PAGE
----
Enameling as a decoration technique
Enameling is a decoration technique in which a layer of colorant is applied onto the surface of metal.
The most precious type of enamel used in jewellery making is vitreous enamel. During the firing process, that requires high temperature (700-900°C ), the powdered glass is fused to a jewel. The powder melts, flows, and then hardens to a smooth, durable vitreous coating.
Some chemistry geeks may appreciate the information, that the base of enamel consists usually of quartz sand, iron oxide, potassium oxide and borax. It is transparent and colorless after firing, so to obtain a variety of colors and different stages of translucency metal oxides and chlorides are added.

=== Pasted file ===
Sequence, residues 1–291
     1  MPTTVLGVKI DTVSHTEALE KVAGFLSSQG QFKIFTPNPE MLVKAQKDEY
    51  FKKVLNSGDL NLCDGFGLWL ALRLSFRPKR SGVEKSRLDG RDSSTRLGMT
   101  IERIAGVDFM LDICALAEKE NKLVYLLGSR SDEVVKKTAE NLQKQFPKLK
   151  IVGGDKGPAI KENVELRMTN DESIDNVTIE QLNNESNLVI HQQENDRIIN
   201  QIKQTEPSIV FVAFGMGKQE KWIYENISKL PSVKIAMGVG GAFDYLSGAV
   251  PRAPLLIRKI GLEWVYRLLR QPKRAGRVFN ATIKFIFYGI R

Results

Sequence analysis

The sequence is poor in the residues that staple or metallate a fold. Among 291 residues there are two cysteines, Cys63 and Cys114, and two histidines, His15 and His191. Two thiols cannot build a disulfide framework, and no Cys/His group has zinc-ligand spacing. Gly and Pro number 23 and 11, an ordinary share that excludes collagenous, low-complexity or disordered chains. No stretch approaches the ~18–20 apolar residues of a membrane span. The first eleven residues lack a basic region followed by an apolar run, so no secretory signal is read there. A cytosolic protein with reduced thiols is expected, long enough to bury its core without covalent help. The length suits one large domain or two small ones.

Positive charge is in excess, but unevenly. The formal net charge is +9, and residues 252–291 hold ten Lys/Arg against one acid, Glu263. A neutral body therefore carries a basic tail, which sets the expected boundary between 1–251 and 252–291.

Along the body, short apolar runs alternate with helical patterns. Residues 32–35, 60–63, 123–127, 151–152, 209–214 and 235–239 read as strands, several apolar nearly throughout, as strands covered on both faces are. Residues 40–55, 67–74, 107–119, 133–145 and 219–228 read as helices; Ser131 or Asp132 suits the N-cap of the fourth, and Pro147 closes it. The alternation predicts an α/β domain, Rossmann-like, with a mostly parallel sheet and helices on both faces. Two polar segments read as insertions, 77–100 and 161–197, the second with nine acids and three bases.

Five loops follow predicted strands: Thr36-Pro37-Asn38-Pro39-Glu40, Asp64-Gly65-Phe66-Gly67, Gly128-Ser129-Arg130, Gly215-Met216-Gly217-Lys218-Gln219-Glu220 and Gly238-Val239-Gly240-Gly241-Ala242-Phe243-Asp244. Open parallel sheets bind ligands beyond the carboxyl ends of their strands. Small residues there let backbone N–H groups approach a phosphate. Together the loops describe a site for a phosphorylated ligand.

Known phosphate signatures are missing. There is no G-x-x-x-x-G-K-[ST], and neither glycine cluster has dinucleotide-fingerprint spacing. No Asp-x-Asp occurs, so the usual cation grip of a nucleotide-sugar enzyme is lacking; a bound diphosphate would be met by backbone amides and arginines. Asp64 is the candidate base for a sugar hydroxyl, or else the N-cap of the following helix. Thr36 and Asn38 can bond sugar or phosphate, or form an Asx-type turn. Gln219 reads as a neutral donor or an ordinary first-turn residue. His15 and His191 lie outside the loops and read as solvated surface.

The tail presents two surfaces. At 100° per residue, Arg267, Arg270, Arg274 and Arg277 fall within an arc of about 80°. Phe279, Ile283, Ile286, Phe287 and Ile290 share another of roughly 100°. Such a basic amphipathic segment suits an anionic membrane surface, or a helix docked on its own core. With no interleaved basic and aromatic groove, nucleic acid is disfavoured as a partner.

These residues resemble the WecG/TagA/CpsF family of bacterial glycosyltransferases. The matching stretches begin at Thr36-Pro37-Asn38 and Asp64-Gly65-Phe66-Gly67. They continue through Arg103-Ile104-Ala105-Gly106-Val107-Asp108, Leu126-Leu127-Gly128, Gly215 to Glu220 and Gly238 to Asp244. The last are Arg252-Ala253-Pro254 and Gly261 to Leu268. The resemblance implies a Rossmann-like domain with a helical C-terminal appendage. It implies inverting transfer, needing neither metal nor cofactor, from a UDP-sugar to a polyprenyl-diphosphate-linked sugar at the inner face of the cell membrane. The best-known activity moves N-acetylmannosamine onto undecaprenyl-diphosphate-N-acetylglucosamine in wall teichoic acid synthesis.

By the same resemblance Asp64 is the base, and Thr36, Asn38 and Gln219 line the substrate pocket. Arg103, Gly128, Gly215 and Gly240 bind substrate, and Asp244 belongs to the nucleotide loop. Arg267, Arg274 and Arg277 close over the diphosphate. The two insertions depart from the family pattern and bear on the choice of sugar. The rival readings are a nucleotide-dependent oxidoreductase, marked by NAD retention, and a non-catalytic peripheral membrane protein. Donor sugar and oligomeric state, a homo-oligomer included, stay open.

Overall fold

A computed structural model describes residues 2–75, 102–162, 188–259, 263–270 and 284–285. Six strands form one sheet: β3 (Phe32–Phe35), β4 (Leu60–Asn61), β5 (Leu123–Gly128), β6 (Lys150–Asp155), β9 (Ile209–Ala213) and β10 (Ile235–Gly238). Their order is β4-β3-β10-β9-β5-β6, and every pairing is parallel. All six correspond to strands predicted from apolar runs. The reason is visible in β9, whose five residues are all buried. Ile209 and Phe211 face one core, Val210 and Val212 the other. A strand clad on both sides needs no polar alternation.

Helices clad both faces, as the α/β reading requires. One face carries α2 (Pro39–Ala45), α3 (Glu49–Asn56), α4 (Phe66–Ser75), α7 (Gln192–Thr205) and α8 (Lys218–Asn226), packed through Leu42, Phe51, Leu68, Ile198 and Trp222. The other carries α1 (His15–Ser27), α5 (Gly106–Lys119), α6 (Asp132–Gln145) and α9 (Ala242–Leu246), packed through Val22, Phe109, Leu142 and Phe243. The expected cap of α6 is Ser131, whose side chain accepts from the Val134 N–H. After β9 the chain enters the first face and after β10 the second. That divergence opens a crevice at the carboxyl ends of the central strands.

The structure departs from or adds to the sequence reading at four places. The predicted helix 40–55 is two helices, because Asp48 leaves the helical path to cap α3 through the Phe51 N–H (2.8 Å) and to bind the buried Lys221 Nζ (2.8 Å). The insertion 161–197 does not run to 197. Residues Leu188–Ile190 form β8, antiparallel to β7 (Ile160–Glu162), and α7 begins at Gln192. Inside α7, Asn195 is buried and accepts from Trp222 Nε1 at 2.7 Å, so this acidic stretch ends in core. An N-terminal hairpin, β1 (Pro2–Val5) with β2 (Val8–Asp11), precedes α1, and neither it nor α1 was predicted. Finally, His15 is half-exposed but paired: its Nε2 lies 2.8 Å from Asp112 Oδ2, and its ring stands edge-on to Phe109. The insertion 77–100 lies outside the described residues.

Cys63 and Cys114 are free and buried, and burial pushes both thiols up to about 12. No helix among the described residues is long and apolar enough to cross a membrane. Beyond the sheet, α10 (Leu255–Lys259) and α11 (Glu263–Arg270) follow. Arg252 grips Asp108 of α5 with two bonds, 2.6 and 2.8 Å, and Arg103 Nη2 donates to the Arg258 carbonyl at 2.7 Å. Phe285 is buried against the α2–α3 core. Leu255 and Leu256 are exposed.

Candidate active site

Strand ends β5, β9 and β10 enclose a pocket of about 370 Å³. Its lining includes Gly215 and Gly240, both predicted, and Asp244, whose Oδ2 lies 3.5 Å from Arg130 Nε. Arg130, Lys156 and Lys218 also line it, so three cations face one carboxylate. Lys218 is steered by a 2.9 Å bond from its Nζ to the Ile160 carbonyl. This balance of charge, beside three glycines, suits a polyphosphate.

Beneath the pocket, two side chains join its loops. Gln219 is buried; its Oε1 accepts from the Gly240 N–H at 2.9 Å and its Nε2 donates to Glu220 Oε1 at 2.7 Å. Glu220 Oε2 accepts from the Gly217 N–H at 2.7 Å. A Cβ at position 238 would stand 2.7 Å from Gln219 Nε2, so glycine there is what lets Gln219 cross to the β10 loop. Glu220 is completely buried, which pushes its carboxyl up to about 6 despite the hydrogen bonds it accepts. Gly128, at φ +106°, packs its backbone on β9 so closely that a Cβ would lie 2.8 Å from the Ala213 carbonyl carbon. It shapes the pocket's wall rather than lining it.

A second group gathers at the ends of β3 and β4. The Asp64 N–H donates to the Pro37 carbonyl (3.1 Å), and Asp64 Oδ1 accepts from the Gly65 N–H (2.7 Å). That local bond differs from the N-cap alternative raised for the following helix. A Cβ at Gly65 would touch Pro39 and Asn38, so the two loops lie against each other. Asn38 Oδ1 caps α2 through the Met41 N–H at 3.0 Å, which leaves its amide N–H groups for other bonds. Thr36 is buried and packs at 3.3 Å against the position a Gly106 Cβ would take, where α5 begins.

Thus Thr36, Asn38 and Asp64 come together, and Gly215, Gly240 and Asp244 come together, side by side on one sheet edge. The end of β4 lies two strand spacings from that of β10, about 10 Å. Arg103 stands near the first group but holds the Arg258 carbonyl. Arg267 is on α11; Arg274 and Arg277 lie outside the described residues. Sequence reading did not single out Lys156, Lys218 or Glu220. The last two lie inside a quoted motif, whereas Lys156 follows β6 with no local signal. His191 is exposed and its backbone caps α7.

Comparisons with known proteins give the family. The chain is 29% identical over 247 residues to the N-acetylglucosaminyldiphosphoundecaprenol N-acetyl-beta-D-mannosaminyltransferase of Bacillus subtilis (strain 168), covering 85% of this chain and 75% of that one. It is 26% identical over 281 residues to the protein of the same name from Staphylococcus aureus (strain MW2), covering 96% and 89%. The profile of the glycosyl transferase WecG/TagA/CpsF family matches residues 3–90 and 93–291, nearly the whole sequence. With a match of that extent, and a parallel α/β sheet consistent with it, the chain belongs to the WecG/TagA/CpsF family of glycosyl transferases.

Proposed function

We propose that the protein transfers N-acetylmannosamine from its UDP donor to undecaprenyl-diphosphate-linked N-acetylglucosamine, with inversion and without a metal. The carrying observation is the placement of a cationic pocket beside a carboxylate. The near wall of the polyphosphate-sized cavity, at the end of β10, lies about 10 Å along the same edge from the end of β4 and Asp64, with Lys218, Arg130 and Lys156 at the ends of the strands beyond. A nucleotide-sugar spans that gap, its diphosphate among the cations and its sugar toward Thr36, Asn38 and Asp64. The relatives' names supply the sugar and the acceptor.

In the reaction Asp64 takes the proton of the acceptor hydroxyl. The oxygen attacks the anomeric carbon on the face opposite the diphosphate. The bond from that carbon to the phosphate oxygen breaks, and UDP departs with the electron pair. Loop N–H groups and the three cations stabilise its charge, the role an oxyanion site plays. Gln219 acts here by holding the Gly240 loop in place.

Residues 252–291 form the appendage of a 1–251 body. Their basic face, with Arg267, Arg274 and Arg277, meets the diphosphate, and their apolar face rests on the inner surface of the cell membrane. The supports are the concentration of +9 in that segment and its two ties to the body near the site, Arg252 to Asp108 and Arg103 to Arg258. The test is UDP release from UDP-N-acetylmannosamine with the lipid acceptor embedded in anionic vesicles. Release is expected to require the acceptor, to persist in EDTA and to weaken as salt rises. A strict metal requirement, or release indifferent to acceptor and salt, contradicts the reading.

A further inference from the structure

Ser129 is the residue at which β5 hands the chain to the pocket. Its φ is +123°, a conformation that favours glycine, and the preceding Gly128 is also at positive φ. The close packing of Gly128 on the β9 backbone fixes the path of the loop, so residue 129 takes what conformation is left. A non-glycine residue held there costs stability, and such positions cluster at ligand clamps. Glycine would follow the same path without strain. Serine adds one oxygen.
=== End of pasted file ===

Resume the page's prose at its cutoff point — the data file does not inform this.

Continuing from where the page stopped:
Although the exact origins are unknown, the art of enameling has been practiced since ancient times in Egypt or Roman Empire. Various enameling techniques have been developed since then. The most spectacular are:
- Cloisonné – Flattened wires are placed in a pattern on a base metal sheet. When the design is finished, the compartments are filled with the prepared fondants of different colors and fired.
- Plique a’jour – Technique where the enamel is applied in cells, similar to cloisonné, but with no backing in the final product, so light can shine through the translucent enamel.
- Champlevé – The figures and patterns are set in low relief on a slightly thicker plate. This is done through gravers, chisels or etching. The compartments are then filled with the colours and fired, afterwards the enamel is filed flat with a carborundum file and leveled with the surface of the metal.
Check out the Avekk Black Half Ring to see a contemporary interpretation of precious Champlevé enamel technique.